Sunscreen 101

When did buying sunscreen come to require an advanced degree? At least, that's what occured to me when I stopped at the drugstore to buy a bottle of sunscreen before going to the pool.

Overwhelmed by the choices, I left emptyhanded and borrowed some from a friend. Later, I hopped online and realized that my confusion was justified. We all know that sun protection is a necessity (and if you don't, check out the troubling statistics on skin cancer), so I decided it was worth the effort to wade through the hype because I recently read about a class action lawsuit against major sunscreen companies for false or misleading claims.

Here are a few things I picked up, but it's probably worthwhile to check out more comprehensive information posted at the Centers for Disease Control and the Skin Cancer Foundation websites:

SPF 15 or Higher:

Experts recommend buying a sunscreen with an SPF of 15 or higher. An SPF of 30 or higher is a sunblock.

So, is a high SPF that much better? Theoretically, yes. The SPF number refers to the amount of time we can spend in the sun before burning. If you start to burn after 20 minutes, an SPF of 15 means that technically you should be able to safely stay in the sun for 15 times longer. It also reduces the percentage of UVB rays that reach the skin. Still, experts advise people not to push it.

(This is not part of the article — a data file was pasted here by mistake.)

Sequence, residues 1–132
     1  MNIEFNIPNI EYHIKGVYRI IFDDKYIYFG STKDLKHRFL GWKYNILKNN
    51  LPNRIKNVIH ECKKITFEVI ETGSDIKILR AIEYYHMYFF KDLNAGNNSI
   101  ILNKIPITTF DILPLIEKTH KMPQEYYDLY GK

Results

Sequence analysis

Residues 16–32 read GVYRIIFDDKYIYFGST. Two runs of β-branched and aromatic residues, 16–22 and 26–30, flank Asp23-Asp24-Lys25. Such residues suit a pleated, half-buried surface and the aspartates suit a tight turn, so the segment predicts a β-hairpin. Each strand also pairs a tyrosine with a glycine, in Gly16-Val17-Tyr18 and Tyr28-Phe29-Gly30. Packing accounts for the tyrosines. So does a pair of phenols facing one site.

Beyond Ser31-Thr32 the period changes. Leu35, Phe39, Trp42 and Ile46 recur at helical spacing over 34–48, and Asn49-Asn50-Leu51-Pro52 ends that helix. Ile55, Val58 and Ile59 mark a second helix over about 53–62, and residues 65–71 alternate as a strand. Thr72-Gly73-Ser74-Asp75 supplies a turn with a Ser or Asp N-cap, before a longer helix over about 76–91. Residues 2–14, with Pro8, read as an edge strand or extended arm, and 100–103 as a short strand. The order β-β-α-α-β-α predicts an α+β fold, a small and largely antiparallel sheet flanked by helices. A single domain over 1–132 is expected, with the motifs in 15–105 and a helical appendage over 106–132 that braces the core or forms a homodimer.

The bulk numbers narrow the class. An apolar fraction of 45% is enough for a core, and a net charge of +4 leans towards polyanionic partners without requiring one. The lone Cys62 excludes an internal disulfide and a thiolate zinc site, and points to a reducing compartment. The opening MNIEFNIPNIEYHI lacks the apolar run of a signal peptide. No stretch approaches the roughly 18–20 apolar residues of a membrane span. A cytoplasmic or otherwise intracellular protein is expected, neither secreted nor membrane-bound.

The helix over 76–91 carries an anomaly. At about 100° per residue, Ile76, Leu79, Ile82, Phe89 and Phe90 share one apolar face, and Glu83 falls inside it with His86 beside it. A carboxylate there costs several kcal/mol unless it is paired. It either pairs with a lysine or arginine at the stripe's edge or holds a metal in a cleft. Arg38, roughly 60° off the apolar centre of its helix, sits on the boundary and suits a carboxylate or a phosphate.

Reapply Every Two Hours:

The Skin Cancer Foundation says that all sunscreens need to be reapplied after two hours to be effective. I gather that it's better to reapply sunscreen often, rather than fool yourself into believing that a higher SPF offers extra protection.

Broad-Spectrum Protection:

Buy sun broad-spectrum protection. UVA and UVB are two types of ultraviolet radiation; both damage the skin and increase the risk of skin cancer. UVA rays seem to cause wrinkles, and other types of photoaging, while UVB rays cause sunburn. UVA rays exacerbate the carcinogenic effects of UVB rays, and increasingly are being seen as a cause of skin cancer on their own.

Buy Water-Resistant:

Even if you're not exercising or sweating, it holds up better outside. And it's less likely to drip into your eyes.

Other Chemicals:

I encountered a few other new terms. According to ABC News, Helioplex is a breakthrough product because it blocks both UVA and UVB rays, and it blocks UVA rays for twice as long as other products because it doesn't breakdown in the sun. Mexoryl SX, long available in Europe, got FDA-approval last year. It's an organic filter that's meant to protect against short UVA rays and doesn't degrade quickly in the sun.

Lastly:

If you can't stay out of the sun, wear a hat. No sunscreen can offer total protection. Besides, isn't it better than wrinkles?

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